March 15, 2018

Psy-phi


The genus of science fiction has difficulty defining its various species. Actual science fiction is the rarest of the breeds, dominated of late by space opera and unimaginative cyberpunk. Space opera is a chameleon genre, masquerading as science fiction when it contains hardly a spec of science.

Fantasy, by contrast, rarely pretends to be anything but imaginary.

Space opera wears the label of "science" the same way the female scientist in the James Bond movie wears a pair of glasses to convince us she's smart. On the other hand, maybe she really is gorgeous, brilliant, and nearsighted. Space opera, too, can be dumb about science and smart about Life, the Universe, and Everything, about how the human mind works.

My name for this particular creature is "psy-phi." The term occurred to me watching Guardians of the Galaxy II, a silly movie in which worthy explorations of psychology and philosophy can be found lurking between the gaudy comic book covers.

Star Wars stumbled into this psychodramatic niche with the first two installments. Alas, the franchise has been drained of all substance since, prompting the need to add another entry to the taxonomy: "space soap opera." Not only scientifically illiterate but equally empty-headed as well. Nothing kills "psy-phi" faster than the pretentiousness of pretend profundity.

Well, except for conflict created solely to generate drama. Any given Wile E. Coyote and the Road Runner cartoon can entertain in the short term. But only the short term. No matter how much tragedy and pathos is slathered on top, it'll never add up to "drama."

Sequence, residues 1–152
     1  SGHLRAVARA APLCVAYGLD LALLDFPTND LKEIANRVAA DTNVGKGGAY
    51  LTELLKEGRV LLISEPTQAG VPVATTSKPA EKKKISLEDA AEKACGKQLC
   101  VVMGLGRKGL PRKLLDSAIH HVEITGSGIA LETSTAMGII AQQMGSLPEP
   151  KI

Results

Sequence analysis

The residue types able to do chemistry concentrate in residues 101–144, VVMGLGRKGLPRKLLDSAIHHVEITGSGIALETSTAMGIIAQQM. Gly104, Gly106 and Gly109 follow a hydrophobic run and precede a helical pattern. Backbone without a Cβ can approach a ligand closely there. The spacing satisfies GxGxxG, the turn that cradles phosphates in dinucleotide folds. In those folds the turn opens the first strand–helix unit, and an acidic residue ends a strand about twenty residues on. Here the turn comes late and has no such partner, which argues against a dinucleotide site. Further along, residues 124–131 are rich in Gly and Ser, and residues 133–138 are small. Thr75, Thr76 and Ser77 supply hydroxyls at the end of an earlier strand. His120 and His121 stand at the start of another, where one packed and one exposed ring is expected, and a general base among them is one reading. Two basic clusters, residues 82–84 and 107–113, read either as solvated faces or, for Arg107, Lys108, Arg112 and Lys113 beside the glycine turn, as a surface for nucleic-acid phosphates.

The endless cycles of such melodramatic contrivances echo the traditional (gloomy) definition of samsara, a "suffering-laden cycle of life, death, and rebirth, without beginning or end." However "realistic" pessimism may be, without learning, growth, and resolution, there is no point to art.

Han Solo was a better person at the end of the first Star Wars movie than he was at the beginning. Luke Skywalker was certainly a wiser person at the end of the second Star Wars movie. But as far as I could tell, everybody still alive at the end of The Force Awakens is the same as they were going in.

Rey, Finn, and Kyo Ren start off as end products, the meaningful transformations having taken place in unseen prequels. Which may explain how forgettable the whole thing is.

So, sure. Space opera can be dumb as a rock about space. But if I can grab onto a rewarding character arc that goes somewhere with some hope of positive change, I'll keep watching.

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